07 Carcassonne – Casteil (148km, 2635m) Arrival at the ‘base camp’
08 Walking over the Pyrenees and cycling down into Spain (110km, 2671m) – reality checks
09 Hot as hell. Tortellà, Costa Brava, Canet de Mar (145km, 1468m)
10 La Final: last 48km to Barcelona & recap. What a tour…


This was my last little stage to Barcelona; so short, I hardly count it as a real cycling day. Ideal to have a late start after some beach and Paella action with Pascal and Anneke, and an early finish to sort out my arrival in Barcelona and meet Mireia and Cris. In this post I will briefly recap this whole summer trip. But in short: It was all that I had hoped for and more! Just the perfect mix of heavy cycling, traveling/exploring, social moments, stunning scenery and in a way even some relaxation. (This blog post is about the 2nd of August 2017, written on the 20th of May 2018 in Berlin, Germany)

This was the last day of my trip. But actually the last real cycling day was yesterday, because today was a real shorty: 45km final from Canet de Mar to Barcelona. Accordingly there was no need to start early what so ever. Instead I spent some time with Pascal, Anneke and their little daughter.

Breakfast preparations:
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Mediterranean beach at Canet de Mar:
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Paella:
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An then, some time in the afternoon, it was time to hit the road. On the way I stopped at a bike shop to buy a new pump. For the rest it was mostly incredibly sweaty, very flat, and an interesting ride into Barcelona, cause I didn’t really notice at what point the city started.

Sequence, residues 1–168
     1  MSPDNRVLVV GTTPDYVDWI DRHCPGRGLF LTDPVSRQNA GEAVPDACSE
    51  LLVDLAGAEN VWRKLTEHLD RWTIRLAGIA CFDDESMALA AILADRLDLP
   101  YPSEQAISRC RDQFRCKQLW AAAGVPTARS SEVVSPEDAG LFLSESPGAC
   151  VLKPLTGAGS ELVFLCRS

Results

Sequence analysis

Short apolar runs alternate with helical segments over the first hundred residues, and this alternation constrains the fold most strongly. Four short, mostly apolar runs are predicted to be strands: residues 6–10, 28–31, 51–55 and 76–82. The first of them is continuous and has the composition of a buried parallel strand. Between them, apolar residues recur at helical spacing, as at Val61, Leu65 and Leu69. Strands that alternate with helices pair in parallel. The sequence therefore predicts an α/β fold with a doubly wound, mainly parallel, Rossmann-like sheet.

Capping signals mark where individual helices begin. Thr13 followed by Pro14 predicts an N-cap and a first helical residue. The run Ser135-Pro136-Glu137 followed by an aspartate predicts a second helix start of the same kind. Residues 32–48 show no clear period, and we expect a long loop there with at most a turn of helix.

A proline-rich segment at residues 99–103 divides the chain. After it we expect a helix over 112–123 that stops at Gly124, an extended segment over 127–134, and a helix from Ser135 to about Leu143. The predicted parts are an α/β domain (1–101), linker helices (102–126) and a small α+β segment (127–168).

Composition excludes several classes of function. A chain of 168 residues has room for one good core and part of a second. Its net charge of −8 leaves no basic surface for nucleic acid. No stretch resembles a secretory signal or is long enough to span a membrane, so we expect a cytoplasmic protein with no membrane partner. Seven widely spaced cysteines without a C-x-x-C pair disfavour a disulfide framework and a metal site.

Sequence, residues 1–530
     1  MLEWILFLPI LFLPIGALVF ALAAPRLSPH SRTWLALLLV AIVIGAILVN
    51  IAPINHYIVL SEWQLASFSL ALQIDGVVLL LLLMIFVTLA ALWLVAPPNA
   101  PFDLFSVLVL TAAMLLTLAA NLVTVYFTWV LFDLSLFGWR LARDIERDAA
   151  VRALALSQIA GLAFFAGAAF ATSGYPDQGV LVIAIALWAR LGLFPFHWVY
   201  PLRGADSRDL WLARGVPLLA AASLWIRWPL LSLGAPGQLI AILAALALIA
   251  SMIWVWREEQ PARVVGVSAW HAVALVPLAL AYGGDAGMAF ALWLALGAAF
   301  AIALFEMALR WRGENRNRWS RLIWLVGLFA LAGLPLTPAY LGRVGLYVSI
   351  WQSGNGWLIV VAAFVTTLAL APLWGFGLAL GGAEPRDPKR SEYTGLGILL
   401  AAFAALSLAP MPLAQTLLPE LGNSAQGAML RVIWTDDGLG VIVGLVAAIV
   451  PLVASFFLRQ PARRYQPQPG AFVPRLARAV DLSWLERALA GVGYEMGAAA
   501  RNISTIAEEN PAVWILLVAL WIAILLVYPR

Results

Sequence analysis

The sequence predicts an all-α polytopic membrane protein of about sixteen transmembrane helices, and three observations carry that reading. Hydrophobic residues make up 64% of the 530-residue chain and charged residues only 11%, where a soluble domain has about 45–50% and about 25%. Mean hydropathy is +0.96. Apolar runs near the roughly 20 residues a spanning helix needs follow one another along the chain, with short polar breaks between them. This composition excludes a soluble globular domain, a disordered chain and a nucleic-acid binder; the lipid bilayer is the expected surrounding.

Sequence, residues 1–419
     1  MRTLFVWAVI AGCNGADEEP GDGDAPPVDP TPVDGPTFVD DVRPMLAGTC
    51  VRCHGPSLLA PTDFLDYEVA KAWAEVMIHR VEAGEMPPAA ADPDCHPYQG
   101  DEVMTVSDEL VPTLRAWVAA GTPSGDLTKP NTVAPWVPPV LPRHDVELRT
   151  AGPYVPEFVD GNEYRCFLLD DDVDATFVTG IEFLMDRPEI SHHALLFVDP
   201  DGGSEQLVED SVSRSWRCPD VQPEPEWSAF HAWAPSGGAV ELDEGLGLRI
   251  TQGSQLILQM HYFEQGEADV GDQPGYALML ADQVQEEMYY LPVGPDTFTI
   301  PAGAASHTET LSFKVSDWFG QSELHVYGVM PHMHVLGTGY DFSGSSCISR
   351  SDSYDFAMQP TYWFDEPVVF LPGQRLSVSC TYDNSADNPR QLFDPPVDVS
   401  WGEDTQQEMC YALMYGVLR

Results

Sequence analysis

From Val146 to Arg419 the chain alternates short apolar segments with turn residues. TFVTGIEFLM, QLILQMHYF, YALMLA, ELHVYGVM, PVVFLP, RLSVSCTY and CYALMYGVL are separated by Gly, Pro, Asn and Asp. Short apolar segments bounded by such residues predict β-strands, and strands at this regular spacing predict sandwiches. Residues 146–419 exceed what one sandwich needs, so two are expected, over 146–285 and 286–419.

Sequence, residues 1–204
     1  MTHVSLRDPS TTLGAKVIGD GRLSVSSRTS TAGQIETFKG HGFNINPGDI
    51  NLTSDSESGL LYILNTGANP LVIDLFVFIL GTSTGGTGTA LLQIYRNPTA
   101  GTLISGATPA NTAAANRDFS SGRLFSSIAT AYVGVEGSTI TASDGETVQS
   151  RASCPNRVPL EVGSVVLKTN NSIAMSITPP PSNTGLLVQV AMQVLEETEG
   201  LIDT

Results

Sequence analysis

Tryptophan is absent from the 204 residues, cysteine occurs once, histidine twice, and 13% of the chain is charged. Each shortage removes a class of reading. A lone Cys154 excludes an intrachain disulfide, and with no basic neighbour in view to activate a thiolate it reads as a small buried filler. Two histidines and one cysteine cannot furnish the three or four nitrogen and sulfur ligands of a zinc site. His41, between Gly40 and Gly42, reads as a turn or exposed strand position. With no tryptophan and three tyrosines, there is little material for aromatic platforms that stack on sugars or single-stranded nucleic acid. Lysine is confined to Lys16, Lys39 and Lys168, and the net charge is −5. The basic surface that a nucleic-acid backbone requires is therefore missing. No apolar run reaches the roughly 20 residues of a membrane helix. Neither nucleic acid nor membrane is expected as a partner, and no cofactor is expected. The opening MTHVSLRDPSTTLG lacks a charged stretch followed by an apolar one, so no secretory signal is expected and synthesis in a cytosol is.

As you know, I put a lot of effort into preparing and planning my trip. However I did not do any research on Barcelona whatsoever. So at some point – just by coincidence – I passed by “this building” that looked somehow important and iconic – only later did I fin out it is the famous “Segrada Familia”. In any case, picture time!
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I met my friend Mireia, who I still knew from my years in Amsterdam, at the Station Gràcia. We headed to Placa del Sol, where we also met Cris who had a free room where I could stay for some days (a week in the end). Briefly went there to get back into a civilized condition, and then una cerveza at Placa del Sol.

Finale! Arrival. Showered, happy, finished.
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Later that evening the whole square was occupied by more and more people, each of them had a different two weeks behind them; and I was fulfilled with mine. That night I had one of the best sleeps ever.